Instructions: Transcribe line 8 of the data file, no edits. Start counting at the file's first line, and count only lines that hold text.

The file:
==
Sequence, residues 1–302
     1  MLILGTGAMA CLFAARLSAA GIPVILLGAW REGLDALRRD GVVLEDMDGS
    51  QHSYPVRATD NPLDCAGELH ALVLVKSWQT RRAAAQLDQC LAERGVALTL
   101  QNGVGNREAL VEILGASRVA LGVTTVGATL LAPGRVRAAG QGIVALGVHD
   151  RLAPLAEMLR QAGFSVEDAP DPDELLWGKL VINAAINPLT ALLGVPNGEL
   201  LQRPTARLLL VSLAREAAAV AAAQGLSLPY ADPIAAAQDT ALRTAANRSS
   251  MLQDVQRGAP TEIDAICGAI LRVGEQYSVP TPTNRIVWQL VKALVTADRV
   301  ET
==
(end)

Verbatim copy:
   301  ET